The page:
Viewing cable 05AMMAN5728
Title: SENATOR LEVIN MEETS JORDAN'S KING ABDULLAH

IdentifierCreatedReleasedClassificationOrigin
05AMMAN57282005-07-19 06:54:00 2011-08-30 01:44:00 CONFIDENTIAL Embassy Amman
This record is a partial extract of the original cable. The full text of the original cable is not available.
C O N F I D E N T I A L AMMAN 005728 
 
SIPDIS 
 
E.O. 12958: DECL: 07/19/2015 
TAGS: PREL PTER PGOV OREP JO
SUBJECT: SENATOR LEVIN MEETS JORDAN'S KING ABDULLAH 
 
Classified By: Charge d'Affaires David Hale according to Section 1.4 (b 
 and d) 
 
¶1. (C) Summary: Senator Levin met King Abdullah on July 7 to 
discuss key issues in the region, most notably the Iraq 
reconstruction process. The King commented on the ongoing 
insurgency, and identified steps to end it, including a more 
inclusive political process and poverty alleviation. The King 
also spoke about U.S. efforts to encourage reform in Syria, 
expressing some doubt that any real progress had been made. 
Also attending the meeting were Charge d'Affaires David Hale, 
U.S. Senate staff memebers Richard Debobes and Daniel Cox, 
Jordanian Foreign Minister Farouq Qasrawi, and Royal Court 
Policy Coordination Director Abdullah Wraikat. End Summary. 
 
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IRAQ TOPS THE AGENDA 
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¶2. (C) The King was frank when asked for his assessment of 
the insurgency in Iraq. He said that he saw no sign of a 
respite from the flow of foreign fighters into Iraq. The King 
estimated that they numbered in the "hundreds" not 
"thousands", which in his mind is sufficient to provide an 
ample reserve of suicide bombers. Additionally, the King 
feared that Iraqis were now taking a larger role in the 
insurgency, replacing the foreigners. The King noted 
indigenous extremist forces would be much more difficult to 
defeat than foreign fighters. 
 
¶3. (C) When asked, the King offered his recommendations to 
Senator Levin on how best to defeat the insurgency. Foremost 
among these was political inclusion. Positive progress in 
drafting a constitution with the participation of credible 
Sunni representatives was critical, according to the King. If 
Sunni leadership was brought into the political process, it 
would have an incentive and a responsibility to fight against 
the insurgency. If the December 2005 elections are inclusive, 
he noted, Iraq will have turned a new page. If they are not, 
and the Sunnis continue to feel isolated, they will be pushed 
toward the extreme. 
 
¶4. (C) The King said that not enough was being done to 
address poverty in Iraq. At this point, he said, you could 
get an Iraqi to "do anything" for a few hundred dollars. 
Alleviating this suffering would help pull some of the 
disenfranchised elements of society back into the mainstream.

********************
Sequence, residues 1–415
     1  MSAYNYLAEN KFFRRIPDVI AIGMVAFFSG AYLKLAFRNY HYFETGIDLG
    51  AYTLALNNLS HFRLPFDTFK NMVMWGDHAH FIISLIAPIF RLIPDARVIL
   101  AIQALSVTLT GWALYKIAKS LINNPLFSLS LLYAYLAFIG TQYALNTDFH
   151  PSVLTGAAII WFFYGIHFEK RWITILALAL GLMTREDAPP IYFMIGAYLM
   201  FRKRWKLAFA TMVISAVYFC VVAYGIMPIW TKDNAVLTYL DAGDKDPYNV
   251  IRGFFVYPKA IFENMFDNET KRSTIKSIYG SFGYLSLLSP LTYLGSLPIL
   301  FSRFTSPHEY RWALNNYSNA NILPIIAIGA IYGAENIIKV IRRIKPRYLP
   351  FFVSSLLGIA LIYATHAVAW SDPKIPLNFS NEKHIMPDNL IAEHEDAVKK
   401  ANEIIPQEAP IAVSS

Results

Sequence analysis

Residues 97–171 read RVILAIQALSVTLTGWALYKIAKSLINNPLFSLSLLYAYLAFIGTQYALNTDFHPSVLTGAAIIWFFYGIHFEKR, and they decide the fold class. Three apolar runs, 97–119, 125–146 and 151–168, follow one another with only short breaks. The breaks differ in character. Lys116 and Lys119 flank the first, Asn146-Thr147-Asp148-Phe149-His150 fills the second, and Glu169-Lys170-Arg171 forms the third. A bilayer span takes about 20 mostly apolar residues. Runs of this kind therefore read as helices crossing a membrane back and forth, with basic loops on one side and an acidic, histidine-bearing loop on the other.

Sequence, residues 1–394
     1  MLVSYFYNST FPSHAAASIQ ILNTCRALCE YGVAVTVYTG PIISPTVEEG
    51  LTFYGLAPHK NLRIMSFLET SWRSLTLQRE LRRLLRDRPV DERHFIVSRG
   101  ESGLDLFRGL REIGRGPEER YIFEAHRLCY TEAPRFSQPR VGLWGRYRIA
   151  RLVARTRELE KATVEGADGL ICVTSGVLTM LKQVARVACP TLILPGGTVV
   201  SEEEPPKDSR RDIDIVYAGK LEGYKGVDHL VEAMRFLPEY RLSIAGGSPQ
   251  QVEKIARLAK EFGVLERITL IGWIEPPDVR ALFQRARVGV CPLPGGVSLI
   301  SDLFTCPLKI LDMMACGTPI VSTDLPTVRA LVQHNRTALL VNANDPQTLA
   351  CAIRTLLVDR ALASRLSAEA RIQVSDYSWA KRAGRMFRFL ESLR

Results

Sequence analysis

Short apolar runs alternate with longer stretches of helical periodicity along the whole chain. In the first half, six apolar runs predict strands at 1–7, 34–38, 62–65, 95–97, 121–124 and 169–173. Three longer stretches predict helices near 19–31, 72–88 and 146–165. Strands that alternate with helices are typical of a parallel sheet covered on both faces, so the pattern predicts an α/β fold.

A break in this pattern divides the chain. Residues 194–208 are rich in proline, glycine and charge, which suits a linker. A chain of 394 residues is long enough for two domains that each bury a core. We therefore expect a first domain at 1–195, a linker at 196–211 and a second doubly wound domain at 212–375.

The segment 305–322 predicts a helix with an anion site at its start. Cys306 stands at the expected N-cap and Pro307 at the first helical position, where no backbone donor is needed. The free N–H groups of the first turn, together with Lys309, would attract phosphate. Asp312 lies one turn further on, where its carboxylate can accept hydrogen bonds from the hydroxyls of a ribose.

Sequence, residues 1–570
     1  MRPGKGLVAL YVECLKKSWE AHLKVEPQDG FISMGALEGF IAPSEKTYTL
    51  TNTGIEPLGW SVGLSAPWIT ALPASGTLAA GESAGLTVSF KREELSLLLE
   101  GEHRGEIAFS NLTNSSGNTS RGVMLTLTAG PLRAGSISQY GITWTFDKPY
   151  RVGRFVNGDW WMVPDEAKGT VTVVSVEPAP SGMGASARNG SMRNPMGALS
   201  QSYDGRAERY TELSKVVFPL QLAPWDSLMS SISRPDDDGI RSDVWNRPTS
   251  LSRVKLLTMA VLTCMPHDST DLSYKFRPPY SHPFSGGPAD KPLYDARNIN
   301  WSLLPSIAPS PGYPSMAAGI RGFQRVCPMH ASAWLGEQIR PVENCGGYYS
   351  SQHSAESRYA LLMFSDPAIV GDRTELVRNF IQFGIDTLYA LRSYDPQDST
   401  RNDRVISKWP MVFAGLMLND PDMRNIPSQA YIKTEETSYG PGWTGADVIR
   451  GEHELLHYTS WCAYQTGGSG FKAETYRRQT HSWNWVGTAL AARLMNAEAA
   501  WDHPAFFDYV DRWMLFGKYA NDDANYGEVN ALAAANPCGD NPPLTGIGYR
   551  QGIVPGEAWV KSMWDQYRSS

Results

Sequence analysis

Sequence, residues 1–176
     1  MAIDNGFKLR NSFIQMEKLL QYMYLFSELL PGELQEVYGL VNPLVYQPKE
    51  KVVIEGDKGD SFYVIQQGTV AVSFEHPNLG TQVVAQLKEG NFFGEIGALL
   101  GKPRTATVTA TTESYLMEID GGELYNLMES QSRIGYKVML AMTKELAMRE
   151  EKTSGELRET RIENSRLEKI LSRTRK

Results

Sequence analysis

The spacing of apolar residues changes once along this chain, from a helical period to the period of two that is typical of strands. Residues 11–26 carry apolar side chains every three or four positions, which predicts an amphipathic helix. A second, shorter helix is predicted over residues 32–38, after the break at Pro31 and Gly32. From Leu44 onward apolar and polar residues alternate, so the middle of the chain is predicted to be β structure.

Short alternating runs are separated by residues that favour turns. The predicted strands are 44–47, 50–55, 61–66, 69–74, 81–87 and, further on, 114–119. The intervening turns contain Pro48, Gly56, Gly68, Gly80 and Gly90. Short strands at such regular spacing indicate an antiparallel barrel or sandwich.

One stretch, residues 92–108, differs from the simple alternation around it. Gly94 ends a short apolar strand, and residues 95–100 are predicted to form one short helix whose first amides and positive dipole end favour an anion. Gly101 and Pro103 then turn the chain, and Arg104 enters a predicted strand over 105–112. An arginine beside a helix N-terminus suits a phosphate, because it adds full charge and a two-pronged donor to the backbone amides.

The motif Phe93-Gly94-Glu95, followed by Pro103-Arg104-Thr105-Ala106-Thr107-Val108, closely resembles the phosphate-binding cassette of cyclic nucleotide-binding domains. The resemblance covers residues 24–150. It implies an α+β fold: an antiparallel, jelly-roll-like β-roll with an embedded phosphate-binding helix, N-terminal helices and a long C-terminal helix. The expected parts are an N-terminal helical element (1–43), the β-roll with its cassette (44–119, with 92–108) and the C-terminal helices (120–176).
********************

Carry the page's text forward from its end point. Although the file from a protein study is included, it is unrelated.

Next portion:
On other fronts, the King was more positive. He stated that 
continued Sunni outreach was a necessary step. He stressed 
the importance of adequately equipping and training Iraqi 
police and security elements, and he assessed that military 
training had proven more successful than police training, 
noting that it was a difficult task to balance quality 
training with the need for quick turnover. When asked, the 
King said that he could only venture a guess of 50/50 odds 
that the insurgency would end in the foreseeable future. He 
agreed with Senator Levin that there needs to be an effort to 
convince skeptics that the U.S. will stand down once Iraqi 
security forces are able to stand up on their own. Again when 
asked, he agreed that an Iraqi National Assembly endorsement 
of the U.S. presence in Iraq might be helpful, but only if 
embraced by all factions. He also agreed that additional 
international involvement with coalition forces would be 
desirable, but cautioned that not all nationalities would be 
welcome. Specifically with regard to the involvement of 
Muslim states, the King said that participants, possibly as 
part of a UN action, would have to be drawn from regions 
distant from Iraq, such as Indonesia or Morocco, to avoid the 
perception that Iraq's Muslim neighbors were participating 
solely to advance their own agendas. 
 
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KING: SYRIAN BEHAVIOR LARGELY UNCHANGED 
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¶5. (C) Asked by the Senator for his thoughts on developments 
in Syria, the King remarked that Syrian behavior on key 
issues, such as their support for Hizballah and the 
exfiltration of terrorists across their borders, had not 
changed significantly. They Syrian strategy has been to offer 
just enough concessions to appease the international 
community and obtain relief from U.S. pressure, but not to 
make any real strategic policy changes. 
 
¶6. (U) Senator Levin did not have an opportunity to clear 
this message. 
HALE